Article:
ANIMATION WORLD MAGAZINE - ISSUE 4.12 - MARCH 2000

Remembering Marc

Marc Davis. Courtesy of Walt Disney Enterprises.

In order to understand, as well as we can, the art of Marc Davis, we start by changing the single word of Mark Twain's brilliant definition of the art of writing: "The difference between the right word and the almost right word, is the difference between lightning and the lightning bug."

How close to the edge between triumph and disaster is all drawing and writing; how courageously did Marc (and Mark) risk that razor's edge. Today, grossness and crudity in drawing seems to sadly prevail in animation, but they cannot ever erase the beautiful effectiveness and eventual triumph of the single line as exemplified best by the artistry of Marc Davis.

Sincerely,
Chuck Jones

••••••

Although I'm reluctant to follow the combined eloquence of Chuck Jones and Mark Twain, the editors of Animation World have asked me to add some of my own reflections on the late Marc Davis and his art.

Marc Frasier Davis was born in Bakersfield, California, on March 30, 1913. He studied fine art at the Kansas City Art Institute, the California School of Fine Arts in San Francisco and the Otis Art Institute in Los Angeles. He began working at the Walt Disney Studio in December, 1935. His exceptional draftsmanship and knowledge of human anatomy enabled him to help create some of their most memorable characters during the 42 years he spent there.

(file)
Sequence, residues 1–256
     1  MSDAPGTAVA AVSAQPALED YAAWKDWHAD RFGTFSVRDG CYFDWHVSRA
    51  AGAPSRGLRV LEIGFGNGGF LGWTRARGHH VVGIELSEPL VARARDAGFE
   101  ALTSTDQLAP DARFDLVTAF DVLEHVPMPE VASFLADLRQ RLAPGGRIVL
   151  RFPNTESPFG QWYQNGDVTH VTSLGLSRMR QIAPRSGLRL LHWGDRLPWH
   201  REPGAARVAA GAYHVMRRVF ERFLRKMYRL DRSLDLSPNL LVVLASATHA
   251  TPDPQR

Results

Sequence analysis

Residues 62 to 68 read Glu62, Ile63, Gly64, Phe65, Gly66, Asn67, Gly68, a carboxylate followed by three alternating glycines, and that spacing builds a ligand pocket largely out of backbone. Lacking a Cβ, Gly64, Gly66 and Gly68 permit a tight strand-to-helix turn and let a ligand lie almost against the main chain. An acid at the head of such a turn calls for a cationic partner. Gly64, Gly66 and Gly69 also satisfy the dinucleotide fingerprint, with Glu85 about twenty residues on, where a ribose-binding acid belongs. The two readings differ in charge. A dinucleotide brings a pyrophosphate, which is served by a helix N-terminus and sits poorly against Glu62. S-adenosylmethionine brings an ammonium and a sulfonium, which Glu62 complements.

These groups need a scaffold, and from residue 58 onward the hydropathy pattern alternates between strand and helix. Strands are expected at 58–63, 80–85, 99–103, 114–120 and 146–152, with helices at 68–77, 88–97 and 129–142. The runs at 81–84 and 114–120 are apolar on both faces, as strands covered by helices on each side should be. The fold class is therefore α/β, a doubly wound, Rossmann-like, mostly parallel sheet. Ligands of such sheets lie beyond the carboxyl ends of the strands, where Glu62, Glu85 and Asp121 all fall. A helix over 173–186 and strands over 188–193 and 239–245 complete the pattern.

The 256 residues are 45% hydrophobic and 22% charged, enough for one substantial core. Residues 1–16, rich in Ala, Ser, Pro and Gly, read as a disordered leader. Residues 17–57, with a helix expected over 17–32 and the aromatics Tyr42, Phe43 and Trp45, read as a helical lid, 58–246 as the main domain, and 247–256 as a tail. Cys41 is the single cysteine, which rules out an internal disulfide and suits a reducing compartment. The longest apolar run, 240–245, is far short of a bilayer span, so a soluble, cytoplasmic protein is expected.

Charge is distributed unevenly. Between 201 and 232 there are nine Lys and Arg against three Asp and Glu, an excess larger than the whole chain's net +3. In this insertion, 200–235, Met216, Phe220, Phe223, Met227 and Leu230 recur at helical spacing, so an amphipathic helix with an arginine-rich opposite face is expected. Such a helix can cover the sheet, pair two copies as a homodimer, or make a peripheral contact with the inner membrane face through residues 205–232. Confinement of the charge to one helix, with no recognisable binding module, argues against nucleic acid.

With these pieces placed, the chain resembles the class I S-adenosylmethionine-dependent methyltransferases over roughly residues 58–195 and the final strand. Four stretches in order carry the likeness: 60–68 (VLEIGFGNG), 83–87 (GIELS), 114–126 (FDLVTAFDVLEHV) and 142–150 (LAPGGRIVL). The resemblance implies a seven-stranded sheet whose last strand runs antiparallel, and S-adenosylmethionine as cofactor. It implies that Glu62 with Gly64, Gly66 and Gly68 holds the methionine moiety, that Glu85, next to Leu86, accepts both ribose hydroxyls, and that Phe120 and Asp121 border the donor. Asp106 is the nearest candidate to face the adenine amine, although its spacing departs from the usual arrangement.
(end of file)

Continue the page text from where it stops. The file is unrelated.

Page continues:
Davis at work on Bambi. Courtesy of Walt Disney Enterprises.

Davis and his close friend Milt Kahl -- who was his only rival as a draftsman at the studio -- were usually assigned the realistic human characters in the Disney features. Davis later said these assignments led him and Kahl to regard their talents as "both a blessing and hellish curse. The humans basically carry the story: if the audience doesn't believe in them, it doesn't matter how funny the comedians are."

Davis' polished draftsmanship enabled him to give his characters believable personalities. Cinderella's movements reflect her gentle modesty, while Tinker Bell's saucy walk reveals her impudence. The icily beautiful Maleficent moves with a controlled, reptilian power that contrasts sharply to Cruella de Vil's flamboyant gestures. Davis' work is also distinguished by a pervasive sense of design and pattern. When one of his heroines turns, her garments and hair move in sensual arcs that emphasize her feminine grace.

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Note: Readers may contact any Animation World Magazine contributor by sending an e-mail to editor@awn.com.


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